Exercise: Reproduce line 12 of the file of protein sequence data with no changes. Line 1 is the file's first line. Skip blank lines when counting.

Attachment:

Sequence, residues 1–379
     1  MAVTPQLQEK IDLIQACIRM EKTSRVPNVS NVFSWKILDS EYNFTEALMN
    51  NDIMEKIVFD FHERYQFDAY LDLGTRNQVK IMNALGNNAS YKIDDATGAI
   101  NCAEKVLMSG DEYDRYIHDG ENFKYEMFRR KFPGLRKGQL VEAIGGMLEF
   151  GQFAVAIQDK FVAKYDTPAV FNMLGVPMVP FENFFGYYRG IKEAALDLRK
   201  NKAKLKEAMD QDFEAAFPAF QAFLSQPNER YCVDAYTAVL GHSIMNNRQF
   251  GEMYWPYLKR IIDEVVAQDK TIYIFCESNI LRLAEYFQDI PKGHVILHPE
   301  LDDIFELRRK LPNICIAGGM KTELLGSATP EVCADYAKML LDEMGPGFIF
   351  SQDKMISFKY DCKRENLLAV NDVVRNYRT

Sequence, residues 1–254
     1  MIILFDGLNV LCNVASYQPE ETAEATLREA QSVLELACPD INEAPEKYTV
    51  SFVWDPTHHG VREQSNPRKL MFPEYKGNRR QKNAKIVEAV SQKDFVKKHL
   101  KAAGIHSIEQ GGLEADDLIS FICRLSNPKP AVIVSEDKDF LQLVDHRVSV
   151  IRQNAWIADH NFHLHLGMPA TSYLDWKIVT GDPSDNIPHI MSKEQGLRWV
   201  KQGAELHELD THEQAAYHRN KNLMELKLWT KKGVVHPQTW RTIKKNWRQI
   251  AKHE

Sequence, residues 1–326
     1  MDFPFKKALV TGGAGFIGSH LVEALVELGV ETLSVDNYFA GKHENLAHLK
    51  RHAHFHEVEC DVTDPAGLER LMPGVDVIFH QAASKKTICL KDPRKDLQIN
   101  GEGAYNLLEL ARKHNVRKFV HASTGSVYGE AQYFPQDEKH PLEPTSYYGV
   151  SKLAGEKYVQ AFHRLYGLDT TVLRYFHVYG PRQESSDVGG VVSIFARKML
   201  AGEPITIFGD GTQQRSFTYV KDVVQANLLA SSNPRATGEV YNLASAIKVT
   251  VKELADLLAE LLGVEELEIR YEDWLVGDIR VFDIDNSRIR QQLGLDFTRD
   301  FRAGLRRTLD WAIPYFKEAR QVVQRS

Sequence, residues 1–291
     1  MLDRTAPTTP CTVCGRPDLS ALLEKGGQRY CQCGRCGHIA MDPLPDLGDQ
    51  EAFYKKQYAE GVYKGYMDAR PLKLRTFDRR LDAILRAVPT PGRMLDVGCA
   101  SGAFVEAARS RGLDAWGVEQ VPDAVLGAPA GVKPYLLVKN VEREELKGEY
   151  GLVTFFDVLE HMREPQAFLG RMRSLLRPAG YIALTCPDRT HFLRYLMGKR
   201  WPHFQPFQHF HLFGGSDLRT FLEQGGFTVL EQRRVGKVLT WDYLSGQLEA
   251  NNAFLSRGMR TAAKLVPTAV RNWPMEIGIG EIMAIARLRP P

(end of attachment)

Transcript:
    51  SFVWDPTHHG VREQSNPRKL MFPEYKGNRR QKNAKIVEAV SQKDFVKKHL